Peter Jackson’s Lost Masterpiece

Crossing the Line 5

Crossing the Line

Exactly 9 years ago I beheld for the first time a 30-second clip.

After the initial screen display the text “extract from ‘Crossing the Line'”, several men came in view, dressed in period uniforms and huddled in a trench until receiving the order to prepare for attack.

The 30 seconds were gone and the screen faded to black. There soon appeared the words “written & directed by Peter Jackson”.

Barely 4 years after The Return of the King, I was in awe of everything crafted by the Kiwi filmmaker. I had loved King Kong and enjoyed The Lovely Bones.

Then here came this clip, with (initially) obscure origins, dealing with Jackson’s (and my own) historical interest in the First World War.

Shortly after I realised that this clip was nothing compared to a 15-minute short film written and directed by Peter Jackson, in order to promote the revolutionary RED cameras which were back then slowly emerging on the market.

It’s also fair to give appropriate directing credit to Neill Blomkamp who, two years later, went on to direct District 9 produced by Peter Jackson.

Day after day I re-watched the clip, and scoured the forums for every bit of information about the short film and the possibility of seeing it in full someday. Alas! that privilege was reserved to a lucky few who would get to attend an international gathering to promote, amongst many other high-tech gadgets, the two RED cameras Jackson had used to miraculously shoot the film in just 2 days.

Crossing the Line 6

When I say “day after day”, I really mean that. Between April and August 2007, it was a daily ritual of mine to go online and browse through the same message boards and websites, hoping for the release of more clips (or the full thing).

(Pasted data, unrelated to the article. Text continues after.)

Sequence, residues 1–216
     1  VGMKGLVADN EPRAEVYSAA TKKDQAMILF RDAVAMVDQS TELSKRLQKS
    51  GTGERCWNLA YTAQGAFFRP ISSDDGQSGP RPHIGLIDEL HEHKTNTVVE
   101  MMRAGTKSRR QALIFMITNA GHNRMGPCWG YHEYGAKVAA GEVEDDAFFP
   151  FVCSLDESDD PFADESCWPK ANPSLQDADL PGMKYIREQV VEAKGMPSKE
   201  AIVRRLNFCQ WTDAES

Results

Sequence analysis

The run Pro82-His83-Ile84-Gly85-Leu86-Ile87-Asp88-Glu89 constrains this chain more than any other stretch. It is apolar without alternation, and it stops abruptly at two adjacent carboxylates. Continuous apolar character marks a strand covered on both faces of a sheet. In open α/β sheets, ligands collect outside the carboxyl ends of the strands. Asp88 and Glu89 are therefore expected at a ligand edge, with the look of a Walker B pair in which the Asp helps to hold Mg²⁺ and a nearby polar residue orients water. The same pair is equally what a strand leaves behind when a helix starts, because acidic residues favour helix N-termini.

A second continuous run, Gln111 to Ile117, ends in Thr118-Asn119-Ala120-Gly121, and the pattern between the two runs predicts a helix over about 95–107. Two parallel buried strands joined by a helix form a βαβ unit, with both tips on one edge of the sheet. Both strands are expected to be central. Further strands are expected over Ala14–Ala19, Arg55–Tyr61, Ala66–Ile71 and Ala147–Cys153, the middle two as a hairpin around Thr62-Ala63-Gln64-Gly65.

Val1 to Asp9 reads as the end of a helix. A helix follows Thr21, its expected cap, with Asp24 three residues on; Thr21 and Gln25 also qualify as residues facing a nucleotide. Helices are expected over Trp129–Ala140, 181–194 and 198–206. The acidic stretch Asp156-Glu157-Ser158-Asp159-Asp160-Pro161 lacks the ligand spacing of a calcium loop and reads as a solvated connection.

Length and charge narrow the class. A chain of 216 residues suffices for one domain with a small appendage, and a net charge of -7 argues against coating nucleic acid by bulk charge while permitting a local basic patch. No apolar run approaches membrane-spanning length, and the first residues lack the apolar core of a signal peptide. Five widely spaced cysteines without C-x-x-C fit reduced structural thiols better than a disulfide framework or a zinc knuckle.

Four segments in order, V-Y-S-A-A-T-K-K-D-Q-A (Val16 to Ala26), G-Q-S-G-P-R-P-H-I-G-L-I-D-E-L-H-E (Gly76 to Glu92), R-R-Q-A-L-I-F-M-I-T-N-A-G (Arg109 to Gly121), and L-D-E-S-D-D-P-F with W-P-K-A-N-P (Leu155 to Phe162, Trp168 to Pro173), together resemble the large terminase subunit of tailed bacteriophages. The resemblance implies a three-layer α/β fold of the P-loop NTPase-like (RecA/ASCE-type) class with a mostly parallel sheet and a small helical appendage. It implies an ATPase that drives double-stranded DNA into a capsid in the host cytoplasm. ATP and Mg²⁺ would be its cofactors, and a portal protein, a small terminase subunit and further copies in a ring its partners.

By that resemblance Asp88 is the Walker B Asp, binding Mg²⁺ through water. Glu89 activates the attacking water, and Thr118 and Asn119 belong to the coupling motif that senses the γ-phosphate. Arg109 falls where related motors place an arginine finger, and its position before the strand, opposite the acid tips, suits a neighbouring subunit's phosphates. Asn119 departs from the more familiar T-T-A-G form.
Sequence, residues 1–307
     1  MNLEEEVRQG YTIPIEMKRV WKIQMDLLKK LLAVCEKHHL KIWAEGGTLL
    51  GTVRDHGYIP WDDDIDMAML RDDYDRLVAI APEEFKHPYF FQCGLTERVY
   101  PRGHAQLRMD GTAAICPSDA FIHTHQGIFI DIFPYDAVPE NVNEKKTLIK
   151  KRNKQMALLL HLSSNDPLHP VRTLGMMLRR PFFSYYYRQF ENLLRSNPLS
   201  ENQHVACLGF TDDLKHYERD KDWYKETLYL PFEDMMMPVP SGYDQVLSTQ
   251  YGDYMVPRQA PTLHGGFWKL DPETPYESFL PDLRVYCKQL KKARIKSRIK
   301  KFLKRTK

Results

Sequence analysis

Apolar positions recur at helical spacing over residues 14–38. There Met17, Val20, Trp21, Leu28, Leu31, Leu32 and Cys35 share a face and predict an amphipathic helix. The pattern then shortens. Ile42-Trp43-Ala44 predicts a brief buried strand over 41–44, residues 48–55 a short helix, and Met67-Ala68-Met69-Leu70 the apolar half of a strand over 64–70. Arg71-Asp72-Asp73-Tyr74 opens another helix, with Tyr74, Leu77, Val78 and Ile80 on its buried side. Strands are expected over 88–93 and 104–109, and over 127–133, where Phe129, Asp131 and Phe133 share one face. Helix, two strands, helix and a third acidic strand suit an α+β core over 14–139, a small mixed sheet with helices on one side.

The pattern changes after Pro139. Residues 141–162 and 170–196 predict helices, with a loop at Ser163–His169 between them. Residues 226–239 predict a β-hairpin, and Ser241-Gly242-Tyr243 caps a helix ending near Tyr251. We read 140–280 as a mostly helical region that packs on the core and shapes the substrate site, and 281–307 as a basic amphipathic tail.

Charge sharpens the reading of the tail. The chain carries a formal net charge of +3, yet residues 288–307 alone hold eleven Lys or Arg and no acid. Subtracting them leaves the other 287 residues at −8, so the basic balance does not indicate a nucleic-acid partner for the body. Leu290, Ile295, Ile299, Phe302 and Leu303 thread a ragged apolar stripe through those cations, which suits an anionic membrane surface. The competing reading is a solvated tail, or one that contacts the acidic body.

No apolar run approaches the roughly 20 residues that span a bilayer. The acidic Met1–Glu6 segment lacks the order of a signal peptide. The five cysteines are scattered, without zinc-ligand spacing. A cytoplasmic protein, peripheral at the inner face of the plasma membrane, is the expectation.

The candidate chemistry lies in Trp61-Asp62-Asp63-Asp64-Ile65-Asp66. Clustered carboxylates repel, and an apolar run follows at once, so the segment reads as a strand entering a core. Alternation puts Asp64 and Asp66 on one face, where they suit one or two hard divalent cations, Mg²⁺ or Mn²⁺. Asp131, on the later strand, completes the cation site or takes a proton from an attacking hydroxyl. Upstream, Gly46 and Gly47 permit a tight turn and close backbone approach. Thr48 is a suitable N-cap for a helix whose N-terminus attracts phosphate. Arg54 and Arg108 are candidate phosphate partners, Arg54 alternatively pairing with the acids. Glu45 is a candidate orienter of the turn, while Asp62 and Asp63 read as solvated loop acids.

Then, I struck gold. The creators of the cameras were kind enough to post a 3-minute trailer of the short film. Sure, it wasn’t the entire piece, but the jump from 30-seconds was overwhelming.

I went into full tilt and devoured the gorgeous new shots of a contested no-man’s land, breathtaking dogfights and powerful canon-fire shots, as a piece of James Newton Howard’s score from King Kong soared in the background.

I was in shock. Good shock. After months of waiting, and attempting to mentally construct the imaginary film beyond the 30-second clip, here was a wider view at the story and the visuals that Peter Jackson had created.

However, as often happens after the first few viewings, that urge to want to learn more and see the whole work returned. I felt frustrated at having experienced an incomplete fragment of Jackson’s latest project – no matter how small or insignificant it compared to the other works throughout the director’s career.

Crossing the Line 4

After August, the day-to-day hunt continued. A few ‘behind the scenes’ and ‘making of’ articles soon emerged online. They were a gold mine of information which I could pore over and quench my thirst for this short film that many were calling a “little masterpiece”.

Days turned to weeks, to months and years. My drive to seek out other information began to wane as it soon became clear that no further updates were in sight.

Occasionally, I would attempt to type-in those intriguing words in the Google search box: “Crossing the Line – Peter Jackson”, hoping against hope that the results would yield something new.

Last week, I was suddenly taken back to the day I watched the first clip. Something triggered that curiosity and compelled me to write this quick post about that experience.

At this point you may be asking yourself: “Why this, James? And why now?”

Well, it’s still linked to Tolkien up to a point. It’s World War I and Peter Jackson.

Oh and did you know that Calum Gittins is one of the actors in the film? Gittins played Haleth in The Two Towers.

Crossing the Line 1

Haleth

What a difference 7 years make, huh?

Following the release of The Hobbit trilogy, let’s not forget that beyond Middle-earth, beyond Skull Island and beyond the splatter movies, there’s this little piece of Jackson history, this work of art that seems destined to remain an unfulfilled visual experience in the minds of many fans.

Copyright of “Crossing the Line” images belongs to Red Digital Cinema Camera Company and copyright for “The Lord of the Rings: The Two Towers” belongs to New Line Cinema.
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